The FTC’s recent steps to overhaul antitrust enforcement break away from the longstanding practices and consumer welfare standards. Elyse writes:

“The importance of clarity and consistency in enforcement cannot be overstated. It is important not only so that businesses know how to act, but also because that knowledge informs their fundamental ability (and willingness) to compete, which in turn intimately affects consumers, who are the beneficiaries of robust competition. When the rules of the road are clear and legal risks can be mitigated, more risks can be taken in terms of experimentation, innovation, and R&D—the drivers of economic growth. But increasing uncertainty by upending those rules, however well-intentioned, affects smaller and newer players just as much as (if not more than) larger players.”

The FTC Leaves a Trail of Destruction in Pursuit of its White Whale

The FTC is also pressing forward with a sweeping antitrust case against Amazon, challenging several of Amazon’s Marketplace offerings. A Fortune article by Ted Bolema breaks down how the agency’s lawsuit against Amazon sets a dangerous precedent and may result in a loss of benefits to consumers and small businesses. As Ted explains,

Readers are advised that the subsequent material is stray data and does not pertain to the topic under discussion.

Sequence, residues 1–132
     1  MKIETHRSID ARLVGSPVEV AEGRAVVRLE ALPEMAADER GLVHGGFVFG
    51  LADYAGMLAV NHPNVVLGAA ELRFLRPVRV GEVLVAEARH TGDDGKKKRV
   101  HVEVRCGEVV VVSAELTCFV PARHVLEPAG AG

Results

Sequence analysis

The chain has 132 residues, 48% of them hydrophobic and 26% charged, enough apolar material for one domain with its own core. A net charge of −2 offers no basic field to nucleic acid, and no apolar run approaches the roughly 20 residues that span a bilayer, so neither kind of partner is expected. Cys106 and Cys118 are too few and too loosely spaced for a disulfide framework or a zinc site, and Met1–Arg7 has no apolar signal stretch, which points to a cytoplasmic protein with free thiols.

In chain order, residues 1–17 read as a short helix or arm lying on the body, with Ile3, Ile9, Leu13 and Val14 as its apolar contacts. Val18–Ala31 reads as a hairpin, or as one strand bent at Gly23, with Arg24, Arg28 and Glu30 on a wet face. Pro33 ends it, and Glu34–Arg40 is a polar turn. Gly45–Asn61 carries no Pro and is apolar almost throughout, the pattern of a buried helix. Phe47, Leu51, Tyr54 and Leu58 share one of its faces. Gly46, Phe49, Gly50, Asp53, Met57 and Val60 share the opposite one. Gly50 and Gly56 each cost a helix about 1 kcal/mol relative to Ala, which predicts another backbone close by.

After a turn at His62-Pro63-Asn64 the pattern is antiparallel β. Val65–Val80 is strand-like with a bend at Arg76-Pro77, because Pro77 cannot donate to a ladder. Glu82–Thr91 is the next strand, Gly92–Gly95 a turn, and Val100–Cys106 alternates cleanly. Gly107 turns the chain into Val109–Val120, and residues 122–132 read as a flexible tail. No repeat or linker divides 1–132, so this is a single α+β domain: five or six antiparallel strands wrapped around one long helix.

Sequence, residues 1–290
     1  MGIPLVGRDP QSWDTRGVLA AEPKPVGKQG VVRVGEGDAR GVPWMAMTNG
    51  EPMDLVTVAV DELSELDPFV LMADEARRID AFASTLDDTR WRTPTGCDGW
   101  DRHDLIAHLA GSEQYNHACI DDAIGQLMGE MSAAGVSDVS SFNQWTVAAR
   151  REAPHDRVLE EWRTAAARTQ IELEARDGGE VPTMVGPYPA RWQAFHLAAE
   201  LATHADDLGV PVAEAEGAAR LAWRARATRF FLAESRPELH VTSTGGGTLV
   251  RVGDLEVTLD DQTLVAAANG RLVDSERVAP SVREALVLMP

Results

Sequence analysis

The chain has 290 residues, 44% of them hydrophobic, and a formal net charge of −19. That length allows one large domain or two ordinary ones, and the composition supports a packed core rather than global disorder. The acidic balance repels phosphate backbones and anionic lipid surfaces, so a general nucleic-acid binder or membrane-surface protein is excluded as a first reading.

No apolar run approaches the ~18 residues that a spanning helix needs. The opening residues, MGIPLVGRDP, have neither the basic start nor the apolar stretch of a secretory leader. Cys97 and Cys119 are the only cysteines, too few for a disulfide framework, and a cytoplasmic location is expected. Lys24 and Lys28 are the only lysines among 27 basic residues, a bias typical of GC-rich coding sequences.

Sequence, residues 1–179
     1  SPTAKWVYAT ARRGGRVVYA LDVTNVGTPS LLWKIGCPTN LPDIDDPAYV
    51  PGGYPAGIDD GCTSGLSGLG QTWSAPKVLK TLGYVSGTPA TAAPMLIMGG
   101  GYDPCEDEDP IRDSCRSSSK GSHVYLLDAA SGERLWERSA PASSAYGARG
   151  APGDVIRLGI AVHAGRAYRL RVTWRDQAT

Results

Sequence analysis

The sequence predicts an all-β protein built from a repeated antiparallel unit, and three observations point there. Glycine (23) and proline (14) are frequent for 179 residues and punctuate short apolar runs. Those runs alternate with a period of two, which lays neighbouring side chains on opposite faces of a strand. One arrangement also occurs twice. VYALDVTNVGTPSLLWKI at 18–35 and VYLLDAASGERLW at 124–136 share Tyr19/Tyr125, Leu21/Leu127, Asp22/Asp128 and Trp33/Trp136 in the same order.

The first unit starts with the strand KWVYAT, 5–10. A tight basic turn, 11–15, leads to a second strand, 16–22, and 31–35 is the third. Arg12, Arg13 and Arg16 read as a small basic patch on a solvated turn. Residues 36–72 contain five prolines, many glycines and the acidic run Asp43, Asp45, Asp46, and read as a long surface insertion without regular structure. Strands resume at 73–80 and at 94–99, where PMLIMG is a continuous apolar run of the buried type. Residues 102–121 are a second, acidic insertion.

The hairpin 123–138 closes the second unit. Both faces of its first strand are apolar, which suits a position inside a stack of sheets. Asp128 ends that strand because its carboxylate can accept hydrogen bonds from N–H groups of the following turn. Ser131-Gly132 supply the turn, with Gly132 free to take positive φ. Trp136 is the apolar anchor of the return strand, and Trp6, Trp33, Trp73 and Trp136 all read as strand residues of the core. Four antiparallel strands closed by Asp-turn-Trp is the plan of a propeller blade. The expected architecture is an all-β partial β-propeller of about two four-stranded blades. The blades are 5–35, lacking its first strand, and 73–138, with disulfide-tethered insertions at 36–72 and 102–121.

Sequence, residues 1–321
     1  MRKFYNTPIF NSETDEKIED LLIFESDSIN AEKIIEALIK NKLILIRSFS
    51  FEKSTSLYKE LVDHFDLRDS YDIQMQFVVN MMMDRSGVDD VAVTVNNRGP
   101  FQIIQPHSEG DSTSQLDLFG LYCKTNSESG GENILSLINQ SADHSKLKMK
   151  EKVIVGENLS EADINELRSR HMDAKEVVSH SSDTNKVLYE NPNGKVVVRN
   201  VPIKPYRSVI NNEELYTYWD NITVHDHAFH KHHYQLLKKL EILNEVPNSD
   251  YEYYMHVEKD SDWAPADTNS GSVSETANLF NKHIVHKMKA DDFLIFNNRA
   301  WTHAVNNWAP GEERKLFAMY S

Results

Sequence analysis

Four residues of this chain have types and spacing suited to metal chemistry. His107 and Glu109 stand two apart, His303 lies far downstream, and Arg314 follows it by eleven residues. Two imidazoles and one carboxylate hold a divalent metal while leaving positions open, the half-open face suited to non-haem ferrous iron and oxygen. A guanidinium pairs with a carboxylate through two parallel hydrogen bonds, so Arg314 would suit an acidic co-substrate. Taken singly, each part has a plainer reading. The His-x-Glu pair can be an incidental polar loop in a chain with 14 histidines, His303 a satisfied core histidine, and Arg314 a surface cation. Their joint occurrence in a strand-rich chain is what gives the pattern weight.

“Most importantly, this approach to antitrust takes the focus off how Amazon got where it is largely by being more efficient and innovative than anyone else. Instead, we should want ‘fairness,’ which, as the FTC claimed in a recent policy statement will be defined by the bureaucrats running the FTC.”

Creating a precedent that it is illegal for an online marketplace to offer bundled overhead services to sellers will effectively force small companies to distribute via the unbundled route, which will only take more time, more cost, and much more uncertainty. The agency’s agenda will inevitably lead to higher prices and slower deliveries for consumers, as well as lost opportunities for smaller companies to utilize all the services provided by curated online marketplaces (COMs).

How Do COMs Help Small Businesses?

Small companies rely on the baseline security, quality, and privacy of COMs; therefore, platforms engage in a delicate balance on how they format and curate content. As Jane Bambauer explores in her Lawfare article, platforms compete on the ability to keep users engaged with not only their efficiencies but also their reliability and assurance to utilize their service. For example, the major mobile app stores provide developer package services for app developers, including access to application programming interfaces (APIs), accessibility tools, built-in privacy and security functions, and integrated marketing algorithms through user search and relevancy tools. In turn, this means companies design these services with end consumers in mind just as much as software developers.